News and interviews
Five reasons you should head to Hobart's Dark Mofo festival this winter
Now in its fifth year, Tasmania’s Dark Mofo festival has a reputation for programming the dark, demented and esoteric with huge success. The secret seems be partly the niche-ness itself, and partly the fact that they make sure there’s enough free and accessible art and performance to create a genuine sense of festivity across the whole city for two weeks in June. There’s a Nude Solstice Swim, light and sound installations that take place across the harbour and foreshore (this year’s sonic intervention is Siren Song by Melbourne sound engineer Byron J Scullin and the Supple Fox collective), a public art park (Dark Park), and an outdoor market (Winter Feast) that serves up street food with a local focus, alongside performance and music – and lots of outdoor fire. Dark Mofo Nude Solstice Swim 2016 Photograph: Rosie Hastie If you haven’t experienced the dark arts yet, here are 5 reasons to go this year in particular. CONTENT WARNING: the image for #5 may be distressing to herbivores and people who feel queasy about blood. 1. Mogwai The Scottish post-rockers are headlining the music offering – so even if you’re not a metal/noise/drone fan (and if you are, boy are you covered by this festival) you can get into an appropriately ritualistic mindset via one of their wall-of-sound sets. 2. A 200km theremin pilgrimage. Billed as a “200km theremin pilgrimage from church to church”, Crossing is a progressive performance that will take viewers from Launceston’s Pil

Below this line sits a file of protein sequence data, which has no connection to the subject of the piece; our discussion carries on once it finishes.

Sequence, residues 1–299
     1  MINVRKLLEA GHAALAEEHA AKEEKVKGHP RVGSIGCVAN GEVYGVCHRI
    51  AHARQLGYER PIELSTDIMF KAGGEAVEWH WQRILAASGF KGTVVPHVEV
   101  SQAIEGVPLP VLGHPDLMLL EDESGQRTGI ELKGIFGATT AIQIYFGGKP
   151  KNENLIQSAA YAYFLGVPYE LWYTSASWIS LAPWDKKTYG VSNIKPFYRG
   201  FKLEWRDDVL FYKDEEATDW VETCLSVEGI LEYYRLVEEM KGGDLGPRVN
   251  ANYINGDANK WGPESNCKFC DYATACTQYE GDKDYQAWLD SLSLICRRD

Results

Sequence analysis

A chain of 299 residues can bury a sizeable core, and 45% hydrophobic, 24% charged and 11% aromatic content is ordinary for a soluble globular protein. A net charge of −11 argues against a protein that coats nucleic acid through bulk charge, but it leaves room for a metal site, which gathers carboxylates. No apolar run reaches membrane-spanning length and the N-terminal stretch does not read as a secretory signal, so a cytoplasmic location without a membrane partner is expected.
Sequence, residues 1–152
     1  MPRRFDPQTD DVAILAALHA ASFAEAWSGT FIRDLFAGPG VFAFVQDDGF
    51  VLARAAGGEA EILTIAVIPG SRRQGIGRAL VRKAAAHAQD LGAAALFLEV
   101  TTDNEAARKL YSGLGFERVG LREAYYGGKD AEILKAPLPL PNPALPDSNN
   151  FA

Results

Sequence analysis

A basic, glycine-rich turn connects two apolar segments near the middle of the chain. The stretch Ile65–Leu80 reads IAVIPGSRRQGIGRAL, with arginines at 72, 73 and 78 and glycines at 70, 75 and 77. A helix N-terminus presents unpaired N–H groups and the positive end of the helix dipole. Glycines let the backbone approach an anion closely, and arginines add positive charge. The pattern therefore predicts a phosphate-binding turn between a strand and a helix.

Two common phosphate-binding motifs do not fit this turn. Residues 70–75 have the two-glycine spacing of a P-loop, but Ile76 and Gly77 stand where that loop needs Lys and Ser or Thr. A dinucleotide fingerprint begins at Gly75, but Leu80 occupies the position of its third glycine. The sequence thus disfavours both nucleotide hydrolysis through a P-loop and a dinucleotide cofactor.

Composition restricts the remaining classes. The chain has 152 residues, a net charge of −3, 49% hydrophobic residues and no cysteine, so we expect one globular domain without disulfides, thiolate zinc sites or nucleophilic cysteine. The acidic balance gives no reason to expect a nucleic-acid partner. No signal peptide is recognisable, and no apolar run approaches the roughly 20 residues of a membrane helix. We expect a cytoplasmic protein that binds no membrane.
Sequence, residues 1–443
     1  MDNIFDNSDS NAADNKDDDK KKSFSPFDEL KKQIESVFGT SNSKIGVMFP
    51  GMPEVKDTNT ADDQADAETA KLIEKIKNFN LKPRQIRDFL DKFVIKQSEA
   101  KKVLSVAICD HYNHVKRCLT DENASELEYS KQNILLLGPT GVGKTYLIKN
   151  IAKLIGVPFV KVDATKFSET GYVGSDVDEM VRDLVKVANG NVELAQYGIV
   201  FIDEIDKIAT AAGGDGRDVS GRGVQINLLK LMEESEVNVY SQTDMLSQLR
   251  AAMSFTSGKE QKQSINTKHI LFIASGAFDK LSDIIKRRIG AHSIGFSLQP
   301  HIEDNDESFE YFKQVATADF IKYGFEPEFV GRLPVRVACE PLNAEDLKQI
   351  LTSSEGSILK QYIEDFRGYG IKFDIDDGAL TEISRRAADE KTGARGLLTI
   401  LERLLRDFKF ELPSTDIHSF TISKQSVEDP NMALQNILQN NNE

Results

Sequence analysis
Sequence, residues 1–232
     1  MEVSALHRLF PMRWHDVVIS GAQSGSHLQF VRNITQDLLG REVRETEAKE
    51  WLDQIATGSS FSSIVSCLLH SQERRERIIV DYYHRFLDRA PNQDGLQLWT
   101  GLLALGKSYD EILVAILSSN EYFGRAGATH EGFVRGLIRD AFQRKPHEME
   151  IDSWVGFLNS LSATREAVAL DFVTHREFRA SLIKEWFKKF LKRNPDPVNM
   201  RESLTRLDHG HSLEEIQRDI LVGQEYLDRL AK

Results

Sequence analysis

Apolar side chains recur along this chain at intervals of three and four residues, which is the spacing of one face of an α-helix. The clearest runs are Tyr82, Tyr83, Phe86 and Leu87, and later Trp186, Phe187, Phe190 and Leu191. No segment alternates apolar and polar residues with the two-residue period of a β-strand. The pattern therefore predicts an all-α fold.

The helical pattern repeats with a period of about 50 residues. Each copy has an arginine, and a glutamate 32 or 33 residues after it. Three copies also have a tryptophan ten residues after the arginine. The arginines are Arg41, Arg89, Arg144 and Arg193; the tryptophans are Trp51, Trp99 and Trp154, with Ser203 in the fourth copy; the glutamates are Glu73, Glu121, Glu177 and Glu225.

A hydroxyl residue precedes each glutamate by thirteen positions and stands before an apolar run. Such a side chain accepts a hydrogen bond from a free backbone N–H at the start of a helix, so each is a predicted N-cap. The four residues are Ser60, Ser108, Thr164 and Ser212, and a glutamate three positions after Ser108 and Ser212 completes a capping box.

Ai Weiwei is presenting a major new artwork in Sydney
The Biennale of Sydney has revealed the first 21 artists taking part in the 21st edition of the city-wide festival (taking place in 2018) – and the biggest news is that Chinese artist Ai Weiwei will be presenting a new work commissioned by the Biennale. It's not entirely unexpected (in fact we predicted it) given that artistic director Mami Kataoka curated the major survey Ai Weiwei: According to What? for Mori Art Museum in 2009, which subsequently toured North America. This will be the second Biennale of Sydney for Weiwei, who presented the work 'World Map' in 2006. The artist was most recently in Australia for the opening of the National Gallery of Victoria's major exhibition Andy Warhol/Ai Weiwei. The 21st Biennale of Sydney's line-up, which is expected to swell to around 70 artists, will also feature major international names Laurent Grasso, Haegue Yang and Eija-Liisa Ahtila, and Australian artists Brook Andrew, George Tjungurrayi, Yasmin Smith and Koji Ryui. (Scroll down for the full list of artists). L-R: Brook Andrew, Yasmin Smith, Hoy Cheong Wong, Koji Ryui, Mami Kataoka, NS Harsha and Rika Noguchi Photograph: Anna Kucera The 2018 Biennale of Sydney will not focus on a single topic or theme, but take a more responsive approach to what artists are interested in, and (in Kataoka's words) "suggest multi-layered perspectives of the world and its histories simultaneously." The 21 currently confirmed artists for the Biennale of Sydney are: Eija-Liisa